For the last week-plus, many companies have come out with messages of support of the Ukraine, as Russia continues to invade the country. Some of those messages have merely been symbols of support–and others have involved halting operations in Russia.
However, as I’ve been watching these statements and studying them carefully (we just talked about this in class at the University of St. Thomas), one thing has occurred to me: execution matters.
Companies are clearly putting a lot of time, thought and effort into the language of these social media posts. But, it seems those same companies are all over the board when it comes to HOW they make these posts on social media channels.
Let’s look at Unilever, for example. Here’s the tweet they made on March 8:
— Unilever (@Unilever) March 8, 2022
They posted essentially the same thing, in the same way, on LinkedIn:
Coca-Cola simplified it’s message a bit more on social, opting instead to drive people to its site for the full, longer statement:
Adidas took a similar approach on LinkedIn–but note the use of visuals here and how the post appears in the feed:
And finally, McDonald’s took an interesting approach in using its CEO’s profile to share the message–then re-sharing that message from the corporate account.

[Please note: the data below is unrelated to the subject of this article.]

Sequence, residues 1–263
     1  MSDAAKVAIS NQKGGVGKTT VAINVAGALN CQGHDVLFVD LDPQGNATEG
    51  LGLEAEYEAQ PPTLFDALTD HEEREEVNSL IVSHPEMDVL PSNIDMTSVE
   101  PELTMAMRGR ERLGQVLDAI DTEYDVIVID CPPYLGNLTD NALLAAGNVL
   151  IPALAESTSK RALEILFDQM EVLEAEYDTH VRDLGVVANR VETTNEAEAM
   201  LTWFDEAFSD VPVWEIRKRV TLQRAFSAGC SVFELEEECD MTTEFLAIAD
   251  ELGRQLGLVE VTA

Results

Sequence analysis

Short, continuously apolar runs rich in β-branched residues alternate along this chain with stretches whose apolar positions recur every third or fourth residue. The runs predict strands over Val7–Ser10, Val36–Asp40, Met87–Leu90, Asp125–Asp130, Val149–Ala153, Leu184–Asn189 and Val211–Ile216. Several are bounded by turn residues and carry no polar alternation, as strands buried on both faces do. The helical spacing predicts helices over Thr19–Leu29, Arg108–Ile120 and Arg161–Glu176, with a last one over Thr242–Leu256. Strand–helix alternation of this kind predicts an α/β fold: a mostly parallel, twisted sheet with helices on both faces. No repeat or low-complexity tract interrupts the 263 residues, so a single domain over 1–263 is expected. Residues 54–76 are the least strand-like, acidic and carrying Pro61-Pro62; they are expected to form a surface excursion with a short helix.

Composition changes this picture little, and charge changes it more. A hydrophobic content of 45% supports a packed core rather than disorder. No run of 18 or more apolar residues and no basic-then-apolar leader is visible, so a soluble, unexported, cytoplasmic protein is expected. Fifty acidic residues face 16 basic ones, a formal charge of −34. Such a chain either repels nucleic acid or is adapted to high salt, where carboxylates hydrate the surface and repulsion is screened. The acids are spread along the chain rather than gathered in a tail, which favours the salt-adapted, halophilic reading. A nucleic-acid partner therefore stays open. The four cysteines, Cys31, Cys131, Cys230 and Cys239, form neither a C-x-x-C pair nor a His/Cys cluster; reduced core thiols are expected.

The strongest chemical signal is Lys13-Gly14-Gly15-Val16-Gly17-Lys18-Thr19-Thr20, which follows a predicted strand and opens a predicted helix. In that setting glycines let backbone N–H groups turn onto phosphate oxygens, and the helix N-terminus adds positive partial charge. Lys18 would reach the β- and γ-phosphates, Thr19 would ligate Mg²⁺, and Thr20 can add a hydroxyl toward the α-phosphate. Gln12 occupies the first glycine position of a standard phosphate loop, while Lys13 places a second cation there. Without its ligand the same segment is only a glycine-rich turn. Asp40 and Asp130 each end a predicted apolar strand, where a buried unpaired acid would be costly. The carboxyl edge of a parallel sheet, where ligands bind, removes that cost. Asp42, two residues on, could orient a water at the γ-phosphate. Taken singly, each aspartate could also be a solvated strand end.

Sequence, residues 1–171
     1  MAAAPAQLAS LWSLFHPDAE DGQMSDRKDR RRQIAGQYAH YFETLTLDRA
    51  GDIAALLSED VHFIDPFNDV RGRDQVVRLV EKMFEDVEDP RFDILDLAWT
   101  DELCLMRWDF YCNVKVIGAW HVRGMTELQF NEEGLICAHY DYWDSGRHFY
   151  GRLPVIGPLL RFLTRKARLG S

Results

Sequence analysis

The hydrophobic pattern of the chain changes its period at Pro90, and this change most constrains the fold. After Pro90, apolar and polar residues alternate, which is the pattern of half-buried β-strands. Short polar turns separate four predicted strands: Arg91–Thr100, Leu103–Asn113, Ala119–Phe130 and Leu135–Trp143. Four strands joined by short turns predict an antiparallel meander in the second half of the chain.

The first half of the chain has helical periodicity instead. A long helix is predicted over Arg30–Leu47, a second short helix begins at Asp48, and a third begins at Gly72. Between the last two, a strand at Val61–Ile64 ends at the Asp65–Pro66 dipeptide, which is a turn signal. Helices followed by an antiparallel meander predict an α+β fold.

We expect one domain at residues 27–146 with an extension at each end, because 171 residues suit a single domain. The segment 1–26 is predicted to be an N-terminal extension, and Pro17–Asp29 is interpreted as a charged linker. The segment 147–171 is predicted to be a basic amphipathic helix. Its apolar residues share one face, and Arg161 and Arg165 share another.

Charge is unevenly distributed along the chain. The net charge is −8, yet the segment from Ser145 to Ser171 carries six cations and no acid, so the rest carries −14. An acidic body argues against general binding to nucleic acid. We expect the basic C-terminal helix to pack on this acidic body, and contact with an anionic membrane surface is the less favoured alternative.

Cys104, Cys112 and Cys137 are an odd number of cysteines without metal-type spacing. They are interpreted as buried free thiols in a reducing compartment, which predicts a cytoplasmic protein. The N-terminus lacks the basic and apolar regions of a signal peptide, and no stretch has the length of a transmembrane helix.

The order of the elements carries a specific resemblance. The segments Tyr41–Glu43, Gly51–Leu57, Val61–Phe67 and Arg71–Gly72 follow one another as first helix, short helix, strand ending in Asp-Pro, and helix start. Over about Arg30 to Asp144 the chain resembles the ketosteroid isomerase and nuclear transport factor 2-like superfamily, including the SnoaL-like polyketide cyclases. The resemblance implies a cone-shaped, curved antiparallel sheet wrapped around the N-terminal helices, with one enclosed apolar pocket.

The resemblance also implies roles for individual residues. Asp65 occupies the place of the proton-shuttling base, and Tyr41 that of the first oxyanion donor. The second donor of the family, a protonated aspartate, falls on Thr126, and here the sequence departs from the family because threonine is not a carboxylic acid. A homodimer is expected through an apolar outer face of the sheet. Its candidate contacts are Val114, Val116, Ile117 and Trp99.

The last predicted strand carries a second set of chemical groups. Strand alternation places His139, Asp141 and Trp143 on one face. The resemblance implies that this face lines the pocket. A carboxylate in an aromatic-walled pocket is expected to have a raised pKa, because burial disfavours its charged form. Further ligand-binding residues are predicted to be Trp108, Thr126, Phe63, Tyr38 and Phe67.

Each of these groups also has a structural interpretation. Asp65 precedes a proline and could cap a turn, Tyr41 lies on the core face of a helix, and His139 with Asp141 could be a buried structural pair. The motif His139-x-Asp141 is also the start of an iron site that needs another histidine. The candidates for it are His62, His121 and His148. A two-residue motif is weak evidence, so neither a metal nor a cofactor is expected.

And these are just a few of the examples I’ve seen. But, they’re reflective of the majority of what brands are doing with these posts.
Another wrinkle: I think it’s interesting that most brands are sharing their statements on one of two channels: LinkedIn and Twitter. I found virtually nothing on Instagram or Facebook (and I didn’t even bother checking TikTok). What’s more, many brands shared the message from their corporate accounts vs. their brand accounts (which typically have many more followers).
The outcome of this: Younger audiences may not be seeing the statements. Not if they’re not making them on TikTok, and Insta, or even YouTube and Snapchat.
Back to execution. What intrigues me most about the execution of these statements is when companies put the text in the visual–as many of them did above. What’s wrong with that, you say? Could you even read that text if you were looking at it on your phone? Probably not. Why not just use text space for the text and use some kind of generic, but branded, visual for the photo?
I also think with big statements like these, a message from the CEO feels right. I like what McDonald’s did with its statement. The message came from the CEO’s account, but was re-shared by the McD’s account. And, they used that branded visual I mentioned above. To me, this was an ideal execution for Mickey Ds.
My point in bringing all this up? Execution on social matters when sharing messages like this. The visual matters. What you put where matters. The sizing of the visuals matter. It should all be treated as carefully as the messaging.